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But I admit that at the time she asked us, we thought we were answering a slightly different question because of the context of open adoption—we were told, by adoption agencies and lawyers, that there have been innumerable instances where White prospective adoptive families have decided last-minute not to adopt transracially. Especially if the child is dark-skinned. Meredith and I wanted to assure the birth mother that we were fully committed to her and the baby. That if she decided to place him with us, he would be our son, be smothered with love, given the greatest possible life—and that we would never betray our promises to her or to him.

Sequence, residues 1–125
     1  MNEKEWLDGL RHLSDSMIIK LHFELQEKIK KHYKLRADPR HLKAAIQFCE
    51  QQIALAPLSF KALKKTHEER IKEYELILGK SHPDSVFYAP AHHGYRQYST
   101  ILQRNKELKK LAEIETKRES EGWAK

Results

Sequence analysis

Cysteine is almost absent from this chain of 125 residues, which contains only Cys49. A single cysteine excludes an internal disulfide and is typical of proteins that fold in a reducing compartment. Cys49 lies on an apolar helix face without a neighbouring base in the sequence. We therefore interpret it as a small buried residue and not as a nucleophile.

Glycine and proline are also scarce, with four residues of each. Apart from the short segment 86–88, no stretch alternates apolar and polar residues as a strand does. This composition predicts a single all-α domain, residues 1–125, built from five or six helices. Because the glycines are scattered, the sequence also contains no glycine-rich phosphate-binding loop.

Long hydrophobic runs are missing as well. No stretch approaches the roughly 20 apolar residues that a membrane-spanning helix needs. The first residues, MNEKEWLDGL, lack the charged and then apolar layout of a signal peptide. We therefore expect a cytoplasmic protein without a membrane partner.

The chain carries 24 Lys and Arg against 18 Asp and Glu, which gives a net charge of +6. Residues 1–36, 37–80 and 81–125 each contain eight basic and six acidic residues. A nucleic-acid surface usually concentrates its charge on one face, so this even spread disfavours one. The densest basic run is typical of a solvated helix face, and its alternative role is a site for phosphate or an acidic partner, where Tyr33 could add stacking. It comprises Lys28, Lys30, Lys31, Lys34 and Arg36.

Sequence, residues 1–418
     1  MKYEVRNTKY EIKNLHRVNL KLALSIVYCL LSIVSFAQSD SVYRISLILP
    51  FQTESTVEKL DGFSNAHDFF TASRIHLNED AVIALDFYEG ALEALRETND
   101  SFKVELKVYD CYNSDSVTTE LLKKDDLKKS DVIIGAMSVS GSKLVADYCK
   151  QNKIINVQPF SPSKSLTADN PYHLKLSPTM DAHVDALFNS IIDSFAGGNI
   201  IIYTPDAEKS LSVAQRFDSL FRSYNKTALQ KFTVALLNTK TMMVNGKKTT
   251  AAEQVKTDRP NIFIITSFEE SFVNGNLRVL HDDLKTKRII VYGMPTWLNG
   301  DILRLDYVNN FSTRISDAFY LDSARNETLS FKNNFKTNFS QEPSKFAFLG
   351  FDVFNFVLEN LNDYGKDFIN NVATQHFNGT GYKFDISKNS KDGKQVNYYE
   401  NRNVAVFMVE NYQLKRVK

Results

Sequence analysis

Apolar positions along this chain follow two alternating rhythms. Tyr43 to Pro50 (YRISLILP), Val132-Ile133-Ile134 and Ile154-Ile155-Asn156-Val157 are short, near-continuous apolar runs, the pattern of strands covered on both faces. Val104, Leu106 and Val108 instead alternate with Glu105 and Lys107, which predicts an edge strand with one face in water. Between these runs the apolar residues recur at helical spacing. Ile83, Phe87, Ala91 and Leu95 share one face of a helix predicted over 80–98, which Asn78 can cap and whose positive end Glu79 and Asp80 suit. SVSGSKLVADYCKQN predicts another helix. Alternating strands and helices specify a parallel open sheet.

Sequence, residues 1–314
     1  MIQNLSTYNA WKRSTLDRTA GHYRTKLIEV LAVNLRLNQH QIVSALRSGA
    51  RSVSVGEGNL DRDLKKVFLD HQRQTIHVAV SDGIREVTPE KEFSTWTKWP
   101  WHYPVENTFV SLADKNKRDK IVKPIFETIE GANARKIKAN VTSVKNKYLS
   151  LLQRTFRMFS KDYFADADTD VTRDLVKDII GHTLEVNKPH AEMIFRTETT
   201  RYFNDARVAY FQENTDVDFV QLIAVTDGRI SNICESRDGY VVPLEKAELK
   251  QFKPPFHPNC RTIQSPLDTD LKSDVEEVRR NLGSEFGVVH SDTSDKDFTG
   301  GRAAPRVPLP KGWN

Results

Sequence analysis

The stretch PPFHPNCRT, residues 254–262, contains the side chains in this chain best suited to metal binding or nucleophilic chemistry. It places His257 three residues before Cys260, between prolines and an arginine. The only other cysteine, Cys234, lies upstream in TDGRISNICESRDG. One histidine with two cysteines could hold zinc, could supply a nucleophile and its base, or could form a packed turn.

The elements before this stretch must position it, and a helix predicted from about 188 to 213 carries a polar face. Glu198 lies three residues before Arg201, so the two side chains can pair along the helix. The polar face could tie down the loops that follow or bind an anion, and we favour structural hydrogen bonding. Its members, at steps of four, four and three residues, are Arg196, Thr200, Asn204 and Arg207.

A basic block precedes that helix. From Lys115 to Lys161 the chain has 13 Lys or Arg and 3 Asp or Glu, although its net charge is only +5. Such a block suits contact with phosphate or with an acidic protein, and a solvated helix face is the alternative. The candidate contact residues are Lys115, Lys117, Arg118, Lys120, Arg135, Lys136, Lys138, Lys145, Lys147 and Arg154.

But now that question haunts me because it’s even more loaded: Was she asking more than Will we love him? While the timing might have been pre-Trayvon, it wasn’t pre–Oscar Grant, or any number of young unarmed Black men who were killed by police or vigilantes. Was she asking, do two White upper-middle-class lesbians—one, a Jew from suburban Chicago, the other a lapsed Catholic from suburban Philadelphia—who’ve lived in Brooklyn for 20-plus years know what it means to raise a Black boy in this world? Were we ready to give up our White privilege? Because if anything were to happen to our son, it would be happening to us as his parents—and God forbid anything should. But every 28 days, that question comes screaming in our ears even louder. This summer, watching Michael Brown’s parents, Leslie McFadden and Michael Brown, Sr., grieve, with courage and with dignity, and protesters taking to the streets, hands in the air, facing off the tanks and the tear gas and the unrelenting police—I could barely think of anything else. Even as I was awestruck by the bravery of the Brown family and by the activists, still I was paralyzed with a sense of hopelessness. A White colleague asked why I was so depressed. I looked at him quizzically. “Ferguson?” I said with a tone of condescension. How was he able to ignore what was going on—this wasn’t a regional situation, something happening to other people, in a tiny town in the Midwest, or a conversation relegated to social media. “Oh, right, of course,” he said.